The Washington Times - May 13, 2011, 11:04AM

During a Senate finance committee hearing with American oil companies, Senator Orrin Hatch, Utah Republican and ranking member of the committee, asked the oil executives present if the price at the gas pump would rise if their companies were hit with higher taxes. 

“Directionally, raising taxes on producers raises the cost of crude oil, and the cost of crude oil is the prime ingredient in the price of gasoline,” Chevron CEO John Watson explained. “So, raising our taxes will not reduce the price of gasoline.”

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Democrats are looking to change oil American corporations’ tax status which would remove oil businesses’ tax deductions or what Democrats describe as “tax breaks.”

Marvin Odum, President of Shell Oil, agreed with Mr. Watson, saying: “The bigger point behind it is if the production here in the U.S.—either you don’t have access to it or its disadvantaged relative to other opportunities in the world that move somewhere else. Therefore, the jobs move somewhere else. The trade benefits move somewhere else. All the intended benefits go away as well. ”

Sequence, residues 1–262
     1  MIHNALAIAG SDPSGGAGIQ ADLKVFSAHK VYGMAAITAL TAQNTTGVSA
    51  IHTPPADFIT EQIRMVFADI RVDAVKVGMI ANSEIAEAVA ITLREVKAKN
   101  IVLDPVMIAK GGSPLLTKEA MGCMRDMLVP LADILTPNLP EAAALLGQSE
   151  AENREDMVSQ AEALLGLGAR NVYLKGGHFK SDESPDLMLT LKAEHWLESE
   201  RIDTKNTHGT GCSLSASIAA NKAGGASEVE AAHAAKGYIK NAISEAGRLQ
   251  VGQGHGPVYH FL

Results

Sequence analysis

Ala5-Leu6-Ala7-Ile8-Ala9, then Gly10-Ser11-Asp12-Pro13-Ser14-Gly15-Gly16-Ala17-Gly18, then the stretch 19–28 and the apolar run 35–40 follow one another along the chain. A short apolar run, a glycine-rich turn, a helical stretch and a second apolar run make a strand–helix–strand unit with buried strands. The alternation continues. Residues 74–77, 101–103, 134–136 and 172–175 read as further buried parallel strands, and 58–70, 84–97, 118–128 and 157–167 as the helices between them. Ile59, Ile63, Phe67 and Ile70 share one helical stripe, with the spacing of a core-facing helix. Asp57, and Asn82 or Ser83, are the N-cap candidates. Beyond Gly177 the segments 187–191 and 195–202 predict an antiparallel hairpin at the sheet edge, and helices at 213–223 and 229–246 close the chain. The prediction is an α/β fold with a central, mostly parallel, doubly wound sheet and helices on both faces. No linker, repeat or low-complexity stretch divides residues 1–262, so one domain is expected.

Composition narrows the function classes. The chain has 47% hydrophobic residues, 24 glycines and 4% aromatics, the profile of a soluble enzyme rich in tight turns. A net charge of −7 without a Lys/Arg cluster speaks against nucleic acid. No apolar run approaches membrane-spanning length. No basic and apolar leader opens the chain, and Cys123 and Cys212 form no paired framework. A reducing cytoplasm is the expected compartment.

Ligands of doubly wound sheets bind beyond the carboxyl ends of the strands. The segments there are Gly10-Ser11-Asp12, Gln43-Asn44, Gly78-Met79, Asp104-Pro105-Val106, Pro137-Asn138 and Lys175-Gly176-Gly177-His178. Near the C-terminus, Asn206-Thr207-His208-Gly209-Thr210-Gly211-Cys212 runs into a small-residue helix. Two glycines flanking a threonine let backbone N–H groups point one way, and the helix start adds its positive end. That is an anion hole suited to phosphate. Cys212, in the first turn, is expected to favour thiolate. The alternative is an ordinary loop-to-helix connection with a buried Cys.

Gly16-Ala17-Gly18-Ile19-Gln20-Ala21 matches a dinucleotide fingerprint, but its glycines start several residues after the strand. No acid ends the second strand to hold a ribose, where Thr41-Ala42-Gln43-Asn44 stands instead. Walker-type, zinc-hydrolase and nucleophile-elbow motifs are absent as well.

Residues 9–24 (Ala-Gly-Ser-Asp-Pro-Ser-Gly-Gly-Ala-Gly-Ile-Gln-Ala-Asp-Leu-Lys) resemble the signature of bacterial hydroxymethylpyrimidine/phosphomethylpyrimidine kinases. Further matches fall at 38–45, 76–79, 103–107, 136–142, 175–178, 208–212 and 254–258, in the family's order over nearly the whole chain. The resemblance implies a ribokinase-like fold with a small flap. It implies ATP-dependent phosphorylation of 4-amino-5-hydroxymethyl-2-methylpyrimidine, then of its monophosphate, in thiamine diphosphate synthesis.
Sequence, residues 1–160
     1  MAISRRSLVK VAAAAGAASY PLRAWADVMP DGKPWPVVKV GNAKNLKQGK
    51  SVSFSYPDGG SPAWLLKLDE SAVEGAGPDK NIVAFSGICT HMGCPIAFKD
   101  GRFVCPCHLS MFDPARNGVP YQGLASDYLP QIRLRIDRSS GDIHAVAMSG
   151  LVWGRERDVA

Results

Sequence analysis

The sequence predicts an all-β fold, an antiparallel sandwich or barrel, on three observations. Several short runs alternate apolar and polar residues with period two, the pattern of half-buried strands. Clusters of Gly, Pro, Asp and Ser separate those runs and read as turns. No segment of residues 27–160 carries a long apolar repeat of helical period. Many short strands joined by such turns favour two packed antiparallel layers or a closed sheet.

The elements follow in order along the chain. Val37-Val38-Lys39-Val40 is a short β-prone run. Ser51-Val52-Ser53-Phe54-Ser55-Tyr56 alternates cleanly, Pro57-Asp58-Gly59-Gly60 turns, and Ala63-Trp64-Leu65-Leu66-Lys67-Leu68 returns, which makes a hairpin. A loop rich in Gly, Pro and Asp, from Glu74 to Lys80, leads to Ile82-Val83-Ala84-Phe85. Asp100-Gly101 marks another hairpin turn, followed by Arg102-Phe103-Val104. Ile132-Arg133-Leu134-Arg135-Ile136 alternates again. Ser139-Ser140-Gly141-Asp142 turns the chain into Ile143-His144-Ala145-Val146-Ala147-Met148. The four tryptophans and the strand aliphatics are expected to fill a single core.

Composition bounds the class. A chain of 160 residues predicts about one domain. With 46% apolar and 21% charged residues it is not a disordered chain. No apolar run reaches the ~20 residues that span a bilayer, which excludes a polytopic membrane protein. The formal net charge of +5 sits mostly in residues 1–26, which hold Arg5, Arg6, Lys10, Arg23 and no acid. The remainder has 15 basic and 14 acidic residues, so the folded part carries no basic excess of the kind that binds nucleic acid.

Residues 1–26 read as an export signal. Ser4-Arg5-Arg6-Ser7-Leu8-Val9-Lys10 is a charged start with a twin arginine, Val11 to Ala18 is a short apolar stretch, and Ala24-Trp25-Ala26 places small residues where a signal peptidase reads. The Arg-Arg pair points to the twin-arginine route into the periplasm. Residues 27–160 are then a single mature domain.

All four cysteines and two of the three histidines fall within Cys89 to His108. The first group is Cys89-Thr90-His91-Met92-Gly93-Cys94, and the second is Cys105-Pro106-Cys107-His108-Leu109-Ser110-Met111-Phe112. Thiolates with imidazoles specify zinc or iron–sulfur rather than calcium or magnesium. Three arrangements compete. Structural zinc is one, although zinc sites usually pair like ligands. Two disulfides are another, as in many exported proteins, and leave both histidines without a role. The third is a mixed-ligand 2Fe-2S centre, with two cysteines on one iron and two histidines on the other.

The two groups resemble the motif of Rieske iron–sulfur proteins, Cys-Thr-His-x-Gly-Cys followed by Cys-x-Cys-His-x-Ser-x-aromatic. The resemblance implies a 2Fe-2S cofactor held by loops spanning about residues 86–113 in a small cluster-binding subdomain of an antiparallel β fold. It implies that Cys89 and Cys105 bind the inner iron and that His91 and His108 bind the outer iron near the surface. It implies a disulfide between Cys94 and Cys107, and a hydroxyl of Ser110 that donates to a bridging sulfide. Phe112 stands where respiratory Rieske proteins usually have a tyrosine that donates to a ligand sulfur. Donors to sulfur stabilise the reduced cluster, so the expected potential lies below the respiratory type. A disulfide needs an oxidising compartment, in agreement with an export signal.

The national gas average is currently $3.99 per gallon. Some areas, like Los Angeles, are seeing gas go as high as $4.99

“No, I don’t believe, obviously, that raising taxes will lower prices. I do think the important thing is to have a competitive fiscal environment to attract investment. More investment can raise supply and have an effect on prices,” said Larry McKay of BP America.

“Raising taxes will lead to less investment, less production, and most likely higher cost per gallon and less employment,” James Mulva, CEO of Conoco Phillips noted to the committee. 

Exxon Mobil CEO Rex Tillerson stressed the effect of higher taxes on oil businesses would effect U.S. refinery capacity and more dependence on imported oil.

“It’s going to have little immediate effect. The effect will come in months and years to come towards raising the costs of development here and if a loss on 199 deductions puts more pressure on refining margins,”  Mr. Tillerson told Mr. Hatch. “Refineries already lose money most quarters. So if we lose more refinery capacity in the U.S., it means more imported product rather than refining product here.”